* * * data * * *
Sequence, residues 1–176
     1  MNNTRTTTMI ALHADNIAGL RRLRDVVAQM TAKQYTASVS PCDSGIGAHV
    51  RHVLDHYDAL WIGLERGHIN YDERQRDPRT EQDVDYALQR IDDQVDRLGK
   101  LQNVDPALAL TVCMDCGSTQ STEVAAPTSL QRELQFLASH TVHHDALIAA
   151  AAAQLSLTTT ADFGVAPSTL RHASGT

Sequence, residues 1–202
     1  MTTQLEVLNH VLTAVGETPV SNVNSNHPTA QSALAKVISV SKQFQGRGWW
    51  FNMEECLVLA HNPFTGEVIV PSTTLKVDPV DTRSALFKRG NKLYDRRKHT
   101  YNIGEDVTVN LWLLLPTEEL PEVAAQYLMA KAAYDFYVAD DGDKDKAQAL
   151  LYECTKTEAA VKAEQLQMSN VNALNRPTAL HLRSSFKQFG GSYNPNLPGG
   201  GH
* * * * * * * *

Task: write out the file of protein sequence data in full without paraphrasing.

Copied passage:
Sequence, residues 1–176
     1  MNNTRTTTMI ALHADNIAGL RRLRDVVAQM TAKQYTASVS PCDSGIGAHV
    51  RHVLDHYDAL WIGLERGHIN YDERQRDPRT EQDVDYALQR IDDQVDRLGK
   101  LQNVDPALAL TVCMDCGSTQ STEVAAPTSL QRELQFLASH TVHHDALIAA
   151  AAAQLSLTTT ADFGVAPSTL RHASGT

Sequence, residues 1–202
     1  MTTQLEVLNH VLTAVGETPV SNVNSNHPTA QSALAKVISV SKQFQGRGWW
    51  FNMEECLVLA HNPFTGEVIV PSTTLKVDPV DTRSALFKRG NKLYDRRKHT
   101  YNIGEDVTVN LWLLLPTEEL PEVAAQYLMA KAAYDFYVAD DGDKDKAQAL
   151  LYECTKTEAA VKAEQLQMSN VNALNRPTAL HLRSSFKQFG GSYNPNLPGG
   201  GH